It also smoothed out and reduced the trigger pull by a noticeable amount. It is a night and day difference compared to when it was brand new. After shooting it one time I thought the same thing, "I need an action/trigger job". Now, I don't even give it a second thought, it is good to go.
 

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Actually Sixto...I checked into replacement sight for the 442/642...Smith and Wesson tells me, it can be done but would be a lot of custom (expensive) metal work and stuff. Prob more than the gun is worth. that little gun is very nice as is and youwill feel the trigger smooth out, with dry fire. I personally have a 340 M&P I love mine.
 

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I've done a couple of things to work on the horribly heavy factory trigger pull of my 442.

1. Garage job: Remove the main spring and cut off two coils, and put it back in. Worked well. Don't take off more than two coils.

2. Years later, I replaced the two internal springs with aftermarket lighter springs, and it makes a huge difference. I forget the brand of the spring kit, but I found it on the shelf at the local gun store.
 

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Funny, just went through the exact same thing (except I went with the more compact Crimson Trace grips).

No big other recommendations, except to be sure to specify to the gunsmith that this is a CARRY firearm, and that the trigger pull will still need to be stiff enough to set off primers reliably.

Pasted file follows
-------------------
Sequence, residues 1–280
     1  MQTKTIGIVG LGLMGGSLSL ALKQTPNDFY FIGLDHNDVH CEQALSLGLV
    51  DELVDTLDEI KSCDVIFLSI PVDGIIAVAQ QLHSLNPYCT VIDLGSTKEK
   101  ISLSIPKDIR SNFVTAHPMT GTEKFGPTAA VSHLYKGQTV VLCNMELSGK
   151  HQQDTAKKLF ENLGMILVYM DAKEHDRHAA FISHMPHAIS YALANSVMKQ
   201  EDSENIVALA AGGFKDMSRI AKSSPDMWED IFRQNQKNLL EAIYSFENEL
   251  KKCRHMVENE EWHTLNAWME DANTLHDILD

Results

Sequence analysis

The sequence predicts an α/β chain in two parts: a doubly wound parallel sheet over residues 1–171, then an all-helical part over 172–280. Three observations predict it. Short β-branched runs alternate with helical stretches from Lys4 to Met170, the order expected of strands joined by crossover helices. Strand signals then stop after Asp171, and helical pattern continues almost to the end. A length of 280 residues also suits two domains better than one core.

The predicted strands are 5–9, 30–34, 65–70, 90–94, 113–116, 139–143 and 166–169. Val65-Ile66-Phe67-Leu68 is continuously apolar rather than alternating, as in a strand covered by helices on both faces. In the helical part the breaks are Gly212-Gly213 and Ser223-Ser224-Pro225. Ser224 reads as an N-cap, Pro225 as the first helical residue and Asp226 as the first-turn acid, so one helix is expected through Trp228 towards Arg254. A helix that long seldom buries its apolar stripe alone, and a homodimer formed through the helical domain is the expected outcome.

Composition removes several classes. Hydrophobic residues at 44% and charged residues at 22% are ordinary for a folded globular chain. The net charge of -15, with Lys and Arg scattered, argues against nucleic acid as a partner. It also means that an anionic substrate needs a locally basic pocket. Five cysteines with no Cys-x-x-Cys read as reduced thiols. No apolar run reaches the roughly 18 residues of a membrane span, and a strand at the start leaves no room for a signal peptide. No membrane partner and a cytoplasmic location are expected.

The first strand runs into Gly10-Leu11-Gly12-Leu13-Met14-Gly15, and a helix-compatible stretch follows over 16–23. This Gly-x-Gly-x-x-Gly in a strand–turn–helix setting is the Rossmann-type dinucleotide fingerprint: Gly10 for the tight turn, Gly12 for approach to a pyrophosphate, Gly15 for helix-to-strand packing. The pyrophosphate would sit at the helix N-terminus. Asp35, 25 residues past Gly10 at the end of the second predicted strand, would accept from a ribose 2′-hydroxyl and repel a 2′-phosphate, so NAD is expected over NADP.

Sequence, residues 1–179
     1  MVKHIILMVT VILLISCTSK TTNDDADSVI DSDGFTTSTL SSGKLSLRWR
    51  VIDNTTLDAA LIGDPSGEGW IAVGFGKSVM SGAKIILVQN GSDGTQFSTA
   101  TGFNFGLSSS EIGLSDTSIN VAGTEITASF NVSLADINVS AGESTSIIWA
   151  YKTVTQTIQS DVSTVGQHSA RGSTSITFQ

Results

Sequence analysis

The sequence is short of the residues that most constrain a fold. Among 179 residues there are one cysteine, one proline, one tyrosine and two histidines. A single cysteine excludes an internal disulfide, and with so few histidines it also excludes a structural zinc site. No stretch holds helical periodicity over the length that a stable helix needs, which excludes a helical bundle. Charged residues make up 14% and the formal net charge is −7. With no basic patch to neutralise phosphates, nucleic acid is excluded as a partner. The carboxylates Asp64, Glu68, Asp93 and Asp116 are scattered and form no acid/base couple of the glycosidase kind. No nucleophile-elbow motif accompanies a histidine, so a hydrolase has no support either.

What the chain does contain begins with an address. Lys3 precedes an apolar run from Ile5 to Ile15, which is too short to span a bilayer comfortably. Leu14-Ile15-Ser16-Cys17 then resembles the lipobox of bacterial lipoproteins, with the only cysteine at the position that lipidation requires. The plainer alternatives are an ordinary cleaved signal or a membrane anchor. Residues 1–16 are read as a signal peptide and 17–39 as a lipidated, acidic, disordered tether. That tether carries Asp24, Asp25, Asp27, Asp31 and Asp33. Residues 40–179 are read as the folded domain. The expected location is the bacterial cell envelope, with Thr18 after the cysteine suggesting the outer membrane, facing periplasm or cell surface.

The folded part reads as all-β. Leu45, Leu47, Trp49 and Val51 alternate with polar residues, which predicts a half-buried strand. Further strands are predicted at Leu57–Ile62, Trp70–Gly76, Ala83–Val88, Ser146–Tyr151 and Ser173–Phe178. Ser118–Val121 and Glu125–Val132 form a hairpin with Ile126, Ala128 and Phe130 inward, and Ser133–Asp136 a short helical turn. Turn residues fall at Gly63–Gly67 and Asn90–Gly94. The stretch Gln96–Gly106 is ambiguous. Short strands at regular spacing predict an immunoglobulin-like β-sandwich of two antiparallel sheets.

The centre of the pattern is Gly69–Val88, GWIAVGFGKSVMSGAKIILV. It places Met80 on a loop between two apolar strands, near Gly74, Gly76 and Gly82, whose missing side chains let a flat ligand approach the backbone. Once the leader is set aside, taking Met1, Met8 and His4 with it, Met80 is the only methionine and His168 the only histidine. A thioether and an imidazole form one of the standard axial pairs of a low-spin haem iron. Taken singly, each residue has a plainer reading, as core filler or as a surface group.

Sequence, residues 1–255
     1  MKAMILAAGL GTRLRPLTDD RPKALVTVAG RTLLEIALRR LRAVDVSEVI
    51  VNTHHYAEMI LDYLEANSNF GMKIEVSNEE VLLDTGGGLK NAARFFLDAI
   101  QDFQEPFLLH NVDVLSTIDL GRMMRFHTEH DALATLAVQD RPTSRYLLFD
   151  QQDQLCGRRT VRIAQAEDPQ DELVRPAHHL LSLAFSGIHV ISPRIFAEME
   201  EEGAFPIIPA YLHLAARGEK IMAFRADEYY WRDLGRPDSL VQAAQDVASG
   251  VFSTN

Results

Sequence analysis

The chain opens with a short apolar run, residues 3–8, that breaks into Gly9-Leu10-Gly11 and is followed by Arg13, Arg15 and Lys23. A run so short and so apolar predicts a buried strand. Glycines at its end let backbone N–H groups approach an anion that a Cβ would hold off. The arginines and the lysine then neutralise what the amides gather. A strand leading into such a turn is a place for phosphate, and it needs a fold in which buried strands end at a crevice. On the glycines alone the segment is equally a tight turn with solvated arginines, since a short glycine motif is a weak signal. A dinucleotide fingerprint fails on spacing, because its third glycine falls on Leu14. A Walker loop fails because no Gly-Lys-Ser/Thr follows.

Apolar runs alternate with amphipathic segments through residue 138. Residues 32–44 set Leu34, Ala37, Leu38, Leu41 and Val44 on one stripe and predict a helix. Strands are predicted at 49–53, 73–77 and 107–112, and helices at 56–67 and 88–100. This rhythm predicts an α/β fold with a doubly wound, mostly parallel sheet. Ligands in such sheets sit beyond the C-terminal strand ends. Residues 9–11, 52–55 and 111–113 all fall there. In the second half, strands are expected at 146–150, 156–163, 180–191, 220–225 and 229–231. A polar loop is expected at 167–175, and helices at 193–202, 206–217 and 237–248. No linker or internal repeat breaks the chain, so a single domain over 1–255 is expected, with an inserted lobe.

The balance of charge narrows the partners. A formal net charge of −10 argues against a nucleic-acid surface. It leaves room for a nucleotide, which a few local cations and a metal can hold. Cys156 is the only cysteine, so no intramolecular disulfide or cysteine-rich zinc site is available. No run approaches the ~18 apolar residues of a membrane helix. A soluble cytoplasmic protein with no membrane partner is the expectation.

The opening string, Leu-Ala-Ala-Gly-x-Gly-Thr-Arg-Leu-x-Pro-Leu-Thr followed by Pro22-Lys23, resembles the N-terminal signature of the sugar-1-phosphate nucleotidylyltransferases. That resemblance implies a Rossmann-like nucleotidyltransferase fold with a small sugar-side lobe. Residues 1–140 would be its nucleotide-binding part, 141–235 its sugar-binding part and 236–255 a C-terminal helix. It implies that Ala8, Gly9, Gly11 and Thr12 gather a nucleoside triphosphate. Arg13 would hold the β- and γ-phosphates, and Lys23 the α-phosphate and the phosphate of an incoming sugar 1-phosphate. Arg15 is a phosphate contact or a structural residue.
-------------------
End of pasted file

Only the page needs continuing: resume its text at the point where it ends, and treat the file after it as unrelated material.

However, the biggest thing they should be able to do is smooth out the trigger pull. Mine was fairly smooth, it was just 14 pounds as yours was. I dropped a Wolff spring in as a replacement and it dropped to a much more manageable 10 or 11 pounds. I may still get it to a smith for some smoothing out, but it's not nearly as vital once I got that 14 pound pull down a few pounds.
 

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Be careful of who is doing the trigger job. The case hardening on the internals is very thin. Over zealous polishing can ruin the hardening.
 

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I know cylinder-slide.com can put XS Big Dot on a 442. $117.75 (includes sight) + test fire fee of $38.00 to set the sights for point of impact. They currently have a 10 month backlog.

I have heard tooltechgunsight.com can do it, but haven't confirmed anything.
 

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Discussion Starter #12
Thanks!

You gents are an amazingly generous and knowledgeable group of shooters. I really appreciate all of the great feedback!

I'm going to continue my daily dry-fire practice with this baby through this Friday and see how things progress from there.

I'll post an update when I know more.
 

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DRY FIRE(with snap caps). Due it while watching TV..I'm sure there are plenty of losers to practice your sight picture on!:danceban::rofl: As for those sights...maybe add some paint(orange comes to mind)to help pick up the front blade easier. Other than that..nothing! Good Luck with that Smith !!:wave: